With special guest William M. Timpson, Ph.D.
Technology enables us to learn and connect with each other in ways I never imagined as I worked toward a degree in the leading edge field of computer science “back in the day”. At that time computers were often used for complex computations, a long distance phone call was expensive, and writing letters was time consuming and provided a very slow Return on Investment. Fast forward to 2017. Almost every day I am taken aback by the wide variety of options we have to communicate instantly with almost everyone we know and even some we don't know. Facebook and other forms of social media enable us to easily keep in touch and share the most exciting (and mundane) aspects of our lives with relatives and friends that are near and far; some we may not have seen face-to-face for decades and some who may live on the other side of the world. Twitter lets us receive seemingly unfiltered messages from so many, including the President of the United States. And a plethora of news channels enable us to filter perspectives so that we can customize our impressions of world events and the attitudes of others. Most of the time I think that this is great and that it enriches our lives and improves our relationships. But sometimes it seems overwhelming, my view of the world and current events becomes skewed and distorted, and/or I am left with a feeling that “everyone” else has a life fueled by a steady stream of euphoria and joy while I’m sitting at home doing laundry … again. That can be a Tech Frustration.
Recently, my husband, 21-year-old son, and I watched a video about Millennials in the Workplace. It sparked a great discussion, and let’s just say that the Baby Boomer parents and Millennial son didn’t see eye-to-eye on all of the opinions shared. It was a lively conversation. And it got me thinking about relationships and how they can be enhanced or hurt because of the existence of social media, our attitudes about it, and our determination to use it carefully or treat it casually and/or carelessly.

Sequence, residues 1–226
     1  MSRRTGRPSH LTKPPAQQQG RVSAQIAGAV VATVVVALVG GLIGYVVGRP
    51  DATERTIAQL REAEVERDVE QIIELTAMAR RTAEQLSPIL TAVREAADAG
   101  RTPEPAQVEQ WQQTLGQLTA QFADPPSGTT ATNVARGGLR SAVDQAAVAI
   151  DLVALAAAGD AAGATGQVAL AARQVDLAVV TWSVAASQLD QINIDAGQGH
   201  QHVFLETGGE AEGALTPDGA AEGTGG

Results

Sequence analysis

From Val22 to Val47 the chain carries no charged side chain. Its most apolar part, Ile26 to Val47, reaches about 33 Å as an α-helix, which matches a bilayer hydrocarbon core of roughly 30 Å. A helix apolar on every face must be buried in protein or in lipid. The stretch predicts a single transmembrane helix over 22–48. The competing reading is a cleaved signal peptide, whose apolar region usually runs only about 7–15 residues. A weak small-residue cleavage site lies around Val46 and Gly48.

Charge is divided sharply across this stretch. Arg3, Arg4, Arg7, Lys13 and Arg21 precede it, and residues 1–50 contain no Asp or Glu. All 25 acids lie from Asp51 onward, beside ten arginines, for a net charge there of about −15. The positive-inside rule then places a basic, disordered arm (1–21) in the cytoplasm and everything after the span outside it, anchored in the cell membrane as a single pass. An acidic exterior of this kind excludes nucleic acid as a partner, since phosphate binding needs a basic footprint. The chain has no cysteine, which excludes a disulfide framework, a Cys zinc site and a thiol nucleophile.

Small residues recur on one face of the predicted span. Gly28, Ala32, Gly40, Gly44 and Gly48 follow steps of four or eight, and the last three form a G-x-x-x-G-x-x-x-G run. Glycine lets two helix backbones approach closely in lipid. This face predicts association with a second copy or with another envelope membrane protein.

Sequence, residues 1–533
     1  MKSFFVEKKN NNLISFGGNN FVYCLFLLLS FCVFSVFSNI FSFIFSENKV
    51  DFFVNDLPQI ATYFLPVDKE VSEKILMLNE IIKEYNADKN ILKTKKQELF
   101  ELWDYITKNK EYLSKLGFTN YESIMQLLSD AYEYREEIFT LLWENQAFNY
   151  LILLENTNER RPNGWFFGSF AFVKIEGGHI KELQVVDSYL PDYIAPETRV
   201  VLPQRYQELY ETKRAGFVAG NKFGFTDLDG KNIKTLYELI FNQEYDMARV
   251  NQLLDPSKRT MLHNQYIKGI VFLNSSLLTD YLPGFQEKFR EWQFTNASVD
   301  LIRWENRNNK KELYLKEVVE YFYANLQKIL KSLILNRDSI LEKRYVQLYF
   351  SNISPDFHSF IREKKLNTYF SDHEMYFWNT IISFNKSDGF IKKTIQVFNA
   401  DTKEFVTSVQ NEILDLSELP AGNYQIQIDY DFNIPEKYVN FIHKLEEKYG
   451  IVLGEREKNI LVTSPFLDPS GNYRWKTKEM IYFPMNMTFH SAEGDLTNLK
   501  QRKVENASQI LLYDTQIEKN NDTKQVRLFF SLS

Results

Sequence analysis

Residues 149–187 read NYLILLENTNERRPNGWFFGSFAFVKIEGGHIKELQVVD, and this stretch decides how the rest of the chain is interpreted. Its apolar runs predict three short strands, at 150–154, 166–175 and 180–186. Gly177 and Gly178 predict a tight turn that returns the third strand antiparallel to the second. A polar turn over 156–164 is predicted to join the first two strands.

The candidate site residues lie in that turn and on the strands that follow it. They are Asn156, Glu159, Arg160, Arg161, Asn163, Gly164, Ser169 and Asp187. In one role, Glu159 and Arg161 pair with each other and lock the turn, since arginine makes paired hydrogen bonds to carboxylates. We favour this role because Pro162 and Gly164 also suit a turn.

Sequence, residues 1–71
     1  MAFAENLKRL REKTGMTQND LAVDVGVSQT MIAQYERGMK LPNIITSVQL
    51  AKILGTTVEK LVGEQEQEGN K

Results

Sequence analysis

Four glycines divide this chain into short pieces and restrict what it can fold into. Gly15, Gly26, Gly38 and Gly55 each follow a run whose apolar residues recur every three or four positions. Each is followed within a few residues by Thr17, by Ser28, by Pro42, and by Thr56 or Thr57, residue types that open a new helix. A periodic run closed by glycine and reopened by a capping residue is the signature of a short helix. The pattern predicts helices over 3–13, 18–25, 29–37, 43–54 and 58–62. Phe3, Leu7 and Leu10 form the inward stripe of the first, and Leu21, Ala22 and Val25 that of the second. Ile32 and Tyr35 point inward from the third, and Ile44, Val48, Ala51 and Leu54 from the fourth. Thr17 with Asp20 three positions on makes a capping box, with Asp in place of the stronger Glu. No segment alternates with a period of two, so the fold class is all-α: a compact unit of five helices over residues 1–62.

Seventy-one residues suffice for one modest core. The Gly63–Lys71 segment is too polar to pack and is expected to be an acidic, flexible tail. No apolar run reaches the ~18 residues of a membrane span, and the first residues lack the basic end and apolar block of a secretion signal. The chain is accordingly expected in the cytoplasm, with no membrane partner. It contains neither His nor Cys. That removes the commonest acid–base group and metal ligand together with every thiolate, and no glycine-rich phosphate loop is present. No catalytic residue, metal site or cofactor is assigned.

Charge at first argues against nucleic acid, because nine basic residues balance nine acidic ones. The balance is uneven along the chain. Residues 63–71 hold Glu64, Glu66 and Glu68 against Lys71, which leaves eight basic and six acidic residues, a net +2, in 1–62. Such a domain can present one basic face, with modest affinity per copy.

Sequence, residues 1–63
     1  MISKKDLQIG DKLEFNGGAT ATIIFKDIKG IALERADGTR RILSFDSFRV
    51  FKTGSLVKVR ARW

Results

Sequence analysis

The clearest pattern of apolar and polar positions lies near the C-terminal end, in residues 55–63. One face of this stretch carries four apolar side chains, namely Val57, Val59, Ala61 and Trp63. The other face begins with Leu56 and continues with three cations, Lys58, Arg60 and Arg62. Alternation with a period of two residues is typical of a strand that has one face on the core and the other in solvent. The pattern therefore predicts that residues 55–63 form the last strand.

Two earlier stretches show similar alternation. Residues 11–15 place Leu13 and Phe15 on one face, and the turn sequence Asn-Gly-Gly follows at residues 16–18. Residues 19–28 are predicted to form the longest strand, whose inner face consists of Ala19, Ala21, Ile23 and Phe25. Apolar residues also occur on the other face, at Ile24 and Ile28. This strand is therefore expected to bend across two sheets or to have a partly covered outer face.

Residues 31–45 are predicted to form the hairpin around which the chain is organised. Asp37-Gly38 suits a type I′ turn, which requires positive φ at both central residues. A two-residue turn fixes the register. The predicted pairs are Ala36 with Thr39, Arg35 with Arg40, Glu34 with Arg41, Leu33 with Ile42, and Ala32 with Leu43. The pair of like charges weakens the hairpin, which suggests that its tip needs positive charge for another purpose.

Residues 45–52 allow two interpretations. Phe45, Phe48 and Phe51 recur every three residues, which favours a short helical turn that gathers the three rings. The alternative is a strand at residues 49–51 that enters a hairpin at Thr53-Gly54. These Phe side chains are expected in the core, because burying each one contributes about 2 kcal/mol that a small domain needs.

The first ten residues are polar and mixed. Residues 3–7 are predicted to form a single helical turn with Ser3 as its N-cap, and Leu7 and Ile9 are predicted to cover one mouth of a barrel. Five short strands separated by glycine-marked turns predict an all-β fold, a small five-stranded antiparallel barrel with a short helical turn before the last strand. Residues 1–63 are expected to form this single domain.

Through some Restorative Justice volunteer work, I met an interesting and inspirational guy named Dr. William Timpson. Dr. Timpson is a professor in the School of Education at Colorado State University, and he has a fascinating background that includes work in Northern Ireland, South Africa, South Korea, and Burundi. Dr. Timpson and the Restorative Justice program have taught me a lot about listening and conflict resolution. Recently I asked Dr. Timpson how he thinks technology and social media are impacting our ability to strengthen relationships and resolve conflicts. Drawing from his 2002 book, Teaching and Learning Peace (Madison, WI: Atwood), here is some of what he told me.
Dr. Timpson: We all know that good communication can be pivotal in defusing a volatile confrontation. It helps lower emotions and defenses so everyone can obtain better understanding and define peaceful resolution alternatives. This information draws on Tom Gordon’s (1974) Teacher Effectiveness Training to describe three sets of skills that provide an effective model for establishing good communication: 1) Deep Listening, 2) Empathetic Expressing, and 3) Consensus.